Over the past fifty years, interest rates rose and fell. That could be said of any 50 years, but the peaks and troughs of the last half-century might be telling us something about the next.
As shown in the chart below, long and short-term rates peaked in 1981. At that time, 10-year Treasury notes offered a yield of 15.8%, while 3-month Treasury bills paid investors 16.3%. Consumers were paying 18.4% on 30-year mortgages.
Interest Rates Fell Over 50 Years
Low Interest Rates Could Foreshadow a Sluggish Economy
Low rates are both a problem and an opportunity. It all depends on your perspective.
Income investors have struggled with the problem of low rates while borrowers have enjoyed the benefits.
Looking ahead, economists are asking interesting questions about what low rates mean for the future.
In the 1980s, high rates preceded rapid economic growth. High rates may help propel growth. They also allow institutions with endowments, like universities and nonprofit institutions, to spend more.
Because safety is a priority, endowments allocate part of their portfolio to bonds. Many institutions use part of the income their portfolio generates to finance current operations.
With lower rates, their investment income will drop, and as it does, spending is likely to decline. Among other things, this means there could be less money for medical research from foundations and less money for programs helping the impoverished.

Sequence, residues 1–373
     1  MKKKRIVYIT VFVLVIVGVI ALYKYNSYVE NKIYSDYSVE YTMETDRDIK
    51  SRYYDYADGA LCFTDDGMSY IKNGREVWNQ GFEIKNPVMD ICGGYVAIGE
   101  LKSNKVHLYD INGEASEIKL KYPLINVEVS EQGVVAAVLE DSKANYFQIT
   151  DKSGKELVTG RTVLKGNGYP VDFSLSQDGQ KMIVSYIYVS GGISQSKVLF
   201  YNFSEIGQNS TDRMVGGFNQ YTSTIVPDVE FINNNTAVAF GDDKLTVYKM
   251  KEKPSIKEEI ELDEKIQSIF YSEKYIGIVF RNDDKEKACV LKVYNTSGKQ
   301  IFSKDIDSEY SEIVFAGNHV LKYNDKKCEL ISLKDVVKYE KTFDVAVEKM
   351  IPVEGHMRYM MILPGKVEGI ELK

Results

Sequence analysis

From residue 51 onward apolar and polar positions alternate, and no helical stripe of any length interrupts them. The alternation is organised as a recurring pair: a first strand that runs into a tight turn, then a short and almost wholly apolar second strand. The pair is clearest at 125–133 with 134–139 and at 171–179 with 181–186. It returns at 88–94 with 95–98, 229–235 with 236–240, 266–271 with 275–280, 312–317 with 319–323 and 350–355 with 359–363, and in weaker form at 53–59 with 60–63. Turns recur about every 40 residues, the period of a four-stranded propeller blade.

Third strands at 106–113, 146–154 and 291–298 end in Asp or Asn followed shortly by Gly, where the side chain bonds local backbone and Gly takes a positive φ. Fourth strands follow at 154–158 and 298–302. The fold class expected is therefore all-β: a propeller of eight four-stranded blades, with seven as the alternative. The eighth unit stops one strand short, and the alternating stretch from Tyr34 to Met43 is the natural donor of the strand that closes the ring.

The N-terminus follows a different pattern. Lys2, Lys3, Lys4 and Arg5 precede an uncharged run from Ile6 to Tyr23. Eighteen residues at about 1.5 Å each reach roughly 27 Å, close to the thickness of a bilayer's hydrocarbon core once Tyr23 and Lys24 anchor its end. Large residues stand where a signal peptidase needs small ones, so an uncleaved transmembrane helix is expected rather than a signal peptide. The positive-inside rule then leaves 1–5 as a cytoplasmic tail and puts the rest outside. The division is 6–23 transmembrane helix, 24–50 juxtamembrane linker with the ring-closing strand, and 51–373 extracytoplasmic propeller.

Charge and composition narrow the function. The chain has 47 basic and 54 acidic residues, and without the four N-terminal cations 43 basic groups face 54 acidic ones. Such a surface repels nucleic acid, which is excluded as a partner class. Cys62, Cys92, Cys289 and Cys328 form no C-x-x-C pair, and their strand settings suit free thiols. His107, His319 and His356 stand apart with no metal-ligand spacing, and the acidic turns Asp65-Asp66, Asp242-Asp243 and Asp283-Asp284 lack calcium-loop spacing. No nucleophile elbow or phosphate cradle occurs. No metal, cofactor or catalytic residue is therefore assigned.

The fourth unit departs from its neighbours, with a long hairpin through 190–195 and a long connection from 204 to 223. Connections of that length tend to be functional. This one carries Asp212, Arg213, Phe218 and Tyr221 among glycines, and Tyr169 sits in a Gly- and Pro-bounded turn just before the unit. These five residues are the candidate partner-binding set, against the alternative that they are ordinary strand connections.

Universities may have trouble raising tuition to offset the lost income, forcing them to spend less on operations and research.
Reduced research could have a significant and adverse impact on the rate of economic growth in the future.
Thinking of interest rates as a leading indicator of economic growth presents a frightening picture for investors.
Low rates not only scare income investors now; they should scare long-term stock market investors who face low returns in a low-growth environment.
Michael Carr is a Chartered Market Technician for Banyan Hill Publishing and the Editor of One Trade, Peak Velocity Trader and Precision Profits. He teaches technical analysis and quantitative technical analysis at the New York Institute of Finance. Mr. Carr is also the former editor of the CMT Association newsletter, Technically Speaking.
Follow him on Twitter @MichaelCarrGuru.